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October 4, 2013
British Cycling’s world-leading GB Para-cycling team has today launched a talent identification drive to find new female Paralympic champions for the Rio 2016 and Toyko 2020 Paralympic Games.
The drive, aimed at filling the potential medal gaps that currently exist among the current female para-cycling squad, is being backed by Paralympic medallist, Karen Darke.
UK-passport holding sporty women and girls with a desire to be the world’s best are being invited to contact British Cycling. Talent Assessment events will take place in October.
British Cycling is looking for women across all para-cycling classifications – from those with a minor or major impairment to a limb, to those who are visually impaired or have spinal injuries. Amputees or women with cerebral palsy are also encouraged to get in touch.
London 2012 Paralympic silver medallist, Karen Darke, said:
“There is no better feeling than being on a podium at a Paralympic Games and feeling an immense sense of pride and achievement at being crowned the world’s best. With a commitment and drive to succeed at the highest level, a structured programme and a great team behind you, there really is no limit to what can be done and I’d advise all sporty women and girls out there to dream big. There is nothing to lose in applying to British Cycling and so, so much to be gained.”
British Cycling’s Paralympic Talent and Development Manager, Harriet Gordon, said:
“This is a once in a lifetime opportunity for women and girls with an impairment to see if they’ve got what it takes to be part of a Gold medal winning programme for Rio 2016 and Tokyo 2020.
“We’re the best para-cycling nation in the world and I’d strongly recommend that sporty women get in touch. We’re especially keen to hear from women who competed in sport before an accident and might be ready to give it another shot. Similarly, friends or family members of women with potential are invited to get in touch to put them forward. In just three years time in Rio it could just turn out to be the best decision they’ve ever made.”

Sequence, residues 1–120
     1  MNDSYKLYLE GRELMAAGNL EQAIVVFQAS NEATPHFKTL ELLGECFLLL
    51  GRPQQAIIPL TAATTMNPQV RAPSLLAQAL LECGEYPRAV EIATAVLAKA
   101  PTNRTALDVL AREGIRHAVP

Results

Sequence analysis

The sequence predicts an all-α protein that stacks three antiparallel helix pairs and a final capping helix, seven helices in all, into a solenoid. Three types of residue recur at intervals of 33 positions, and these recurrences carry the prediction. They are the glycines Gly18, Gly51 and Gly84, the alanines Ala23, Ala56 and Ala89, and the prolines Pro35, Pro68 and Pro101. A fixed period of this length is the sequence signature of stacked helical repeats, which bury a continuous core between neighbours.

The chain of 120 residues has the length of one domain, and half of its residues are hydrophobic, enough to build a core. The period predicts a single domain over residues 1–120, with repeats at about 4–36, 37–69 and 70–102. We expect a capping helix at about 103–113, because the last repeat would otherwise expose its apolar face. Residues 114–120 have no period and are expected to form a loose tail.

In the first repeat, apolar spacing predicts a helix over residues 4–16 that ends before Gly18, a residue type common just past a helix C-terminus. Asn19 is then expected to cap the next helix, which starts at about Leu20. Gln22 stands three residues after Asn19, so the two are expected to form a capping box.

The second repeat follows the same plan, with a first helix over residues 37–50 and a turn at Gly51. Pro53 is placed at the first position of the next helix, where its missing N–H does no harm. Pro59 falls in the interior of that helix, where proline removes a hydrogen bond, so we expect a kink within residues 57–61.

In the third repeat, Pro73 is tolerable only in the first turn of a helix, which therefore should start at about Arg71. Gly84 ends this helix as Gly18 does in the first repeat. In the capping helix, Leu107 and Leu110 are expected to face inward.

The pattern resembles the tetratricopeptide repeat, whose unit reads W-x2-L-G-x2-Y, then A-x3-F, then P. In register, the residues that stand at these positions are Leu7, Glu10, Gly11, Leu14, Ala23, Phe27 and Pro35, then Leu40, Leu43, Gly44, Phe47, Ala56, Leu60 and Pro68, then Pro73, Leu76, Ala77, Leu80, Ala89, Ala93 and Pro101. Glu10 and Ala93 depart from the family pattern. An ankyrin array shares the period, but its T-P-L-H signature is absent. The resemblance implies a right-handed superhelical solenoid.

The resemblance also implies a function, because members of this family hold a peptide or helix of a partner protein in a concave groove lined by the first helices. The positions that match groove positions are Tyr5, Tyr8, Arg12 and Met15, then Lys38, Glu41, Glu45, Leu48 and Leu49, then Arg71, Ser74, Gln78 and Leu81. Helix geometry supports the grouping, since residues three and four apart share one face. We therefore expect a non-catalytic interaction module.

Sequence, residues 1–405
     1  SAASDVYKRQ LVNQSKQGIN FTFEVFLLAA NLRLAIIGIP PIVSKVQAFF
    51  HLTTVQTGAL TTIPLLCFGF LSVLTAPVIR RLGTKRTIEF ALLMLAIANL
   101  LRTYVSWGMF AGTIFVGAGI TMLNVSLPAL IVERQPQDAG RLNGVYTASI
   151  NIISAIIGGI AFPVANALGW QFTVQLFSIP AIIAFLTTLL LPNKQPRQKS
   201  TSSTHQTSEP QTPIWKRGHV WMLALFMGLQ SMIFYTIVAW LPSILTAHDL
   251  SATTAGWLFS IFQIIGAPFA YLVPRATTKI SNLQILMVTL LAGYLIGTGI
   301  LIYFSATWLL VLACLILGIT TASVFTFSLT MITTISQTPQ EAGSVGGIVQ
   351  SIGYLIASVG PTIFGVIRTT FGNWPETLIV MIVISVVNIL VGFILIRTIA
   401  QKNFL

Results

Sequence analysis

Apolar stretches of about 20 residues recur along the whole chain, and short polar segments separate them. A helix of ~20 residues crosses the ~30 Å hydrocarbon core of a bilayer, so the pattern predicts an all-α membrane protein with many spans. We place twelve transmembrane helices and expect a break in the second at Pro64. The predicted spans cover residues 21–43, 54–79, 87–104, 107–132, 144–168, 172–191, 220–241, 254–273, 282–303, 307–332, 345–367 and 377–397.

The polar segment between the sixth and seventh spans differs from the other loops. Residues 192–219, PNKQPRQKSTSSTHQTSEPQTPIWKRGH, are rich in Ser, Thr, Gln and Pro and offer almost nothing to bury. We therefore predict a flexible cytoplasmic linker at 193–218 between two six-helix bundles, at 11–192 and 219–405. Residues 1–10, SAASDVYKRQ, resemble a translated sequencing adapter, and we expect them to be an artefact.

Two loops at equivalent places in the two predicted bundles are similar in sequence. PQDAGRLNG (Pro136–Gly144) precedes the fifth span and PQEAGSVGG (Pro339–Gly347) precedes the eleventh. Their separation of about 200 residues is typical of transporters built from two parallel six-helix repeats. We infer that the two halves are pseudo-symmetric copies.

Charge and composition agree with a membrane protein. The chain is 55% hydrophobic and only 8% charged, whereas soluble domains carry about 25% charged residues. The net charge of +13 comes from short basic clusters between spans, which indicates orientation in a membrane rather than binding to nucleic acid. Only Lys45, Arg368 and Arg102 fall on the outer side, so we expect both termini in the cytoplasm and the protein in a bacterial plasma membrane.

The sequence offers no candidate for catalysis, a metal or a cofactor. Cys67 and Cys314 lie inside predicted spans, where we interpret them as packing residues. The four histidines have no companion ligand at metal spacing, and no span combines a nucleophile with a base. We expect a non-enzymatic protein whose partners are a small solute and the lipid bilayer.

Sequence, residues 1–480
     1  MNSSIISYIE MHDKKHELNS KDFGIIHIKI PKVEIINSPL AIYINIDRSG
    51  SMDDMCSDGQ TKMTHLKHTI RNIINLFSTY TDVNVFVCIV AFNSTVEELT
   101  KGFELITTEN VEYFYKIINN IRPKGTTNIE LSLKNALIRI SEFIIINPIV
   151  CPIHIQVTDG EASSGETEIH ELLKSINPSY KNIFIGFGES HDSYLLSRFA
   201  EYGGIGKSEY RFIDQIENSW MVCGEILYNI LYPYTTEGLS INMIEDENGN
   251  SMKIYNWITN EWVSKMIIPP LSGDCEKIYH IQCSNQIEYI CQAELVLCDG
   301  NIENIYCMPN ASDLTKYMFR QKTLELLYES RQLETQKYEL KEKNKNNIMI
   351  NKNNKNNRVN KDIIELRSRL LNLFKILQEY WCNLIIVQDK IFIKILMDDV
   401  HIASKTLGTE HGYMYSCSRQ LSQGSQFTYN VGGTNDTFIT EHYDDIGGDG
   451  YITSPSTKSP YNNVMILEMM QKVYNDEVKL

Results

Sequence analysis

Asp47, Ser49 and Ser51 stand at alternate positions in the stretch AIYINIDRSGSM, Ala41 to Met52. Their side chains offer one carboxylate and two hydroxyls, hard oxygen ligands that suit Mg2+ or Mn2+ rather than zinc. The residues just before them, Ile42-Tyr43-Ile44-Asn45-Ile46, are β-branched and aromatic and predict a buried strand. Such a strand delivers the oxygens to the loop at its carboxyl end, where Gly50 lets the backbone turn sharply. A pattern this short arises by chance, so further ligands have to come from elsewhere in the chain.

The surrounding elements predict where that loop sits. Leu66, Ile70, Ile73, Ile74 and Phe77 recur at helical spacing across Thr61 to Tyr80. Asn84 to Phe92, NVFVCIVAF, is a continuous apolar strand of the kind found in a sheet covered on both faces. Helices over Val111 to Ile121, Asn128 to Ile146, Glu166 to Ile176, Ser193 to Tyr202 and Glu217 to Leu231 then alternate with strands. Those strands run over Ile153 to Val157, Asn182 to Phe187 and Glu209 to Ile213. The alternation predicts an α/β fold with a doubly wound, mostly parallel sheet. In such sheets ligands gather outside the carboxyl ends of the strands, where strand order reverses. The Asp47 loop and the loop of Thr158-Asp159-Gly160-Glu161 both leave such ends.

Seventeen year old Sophie Thornhill from Stockport is a visually impaired cyclist who joined the Paralympic Development Programme in May 2013. She is piloted by Megan Boyd who she met through her local cycling club. Thornhill said:
“I was born with Oculocutaneous albinism which basically means I’ve got about 10% of my sight. My ultimate goal is to compete at the Paralympics in Rio, but I’d also like to go to the Commonwealth Games in Glasgow next year. This year, my target is the National Track Championships. I’d like to get a couple of National titles.”
The GB Para-cycling team is looking for women and girls who meet the following criteria:
Women and girls who meet the criteria should email firstname.lastname@example.org with their name, phone number, and a brief description of their impairment. The GB Para-cycling Team will then gather further information and those who fit the bill will be invited to a Talent Assessment event. No prior experience of riding on a velodrome track is necessary.
British Cycling is the national governing body for cycling as recognised by the UCI – the international federation for the sport. Based in Manchester at the National Cycling Centre, British Cycling works across all levels and six disciplines of the sport (BMX, Mountain Bike, Cyclo-Cross, Road, Track and Cycle Speedway), from providing the support and encouragement people need to get riding their bikes for the first time, to being home to the hugely successful Great Britain Cycling Team.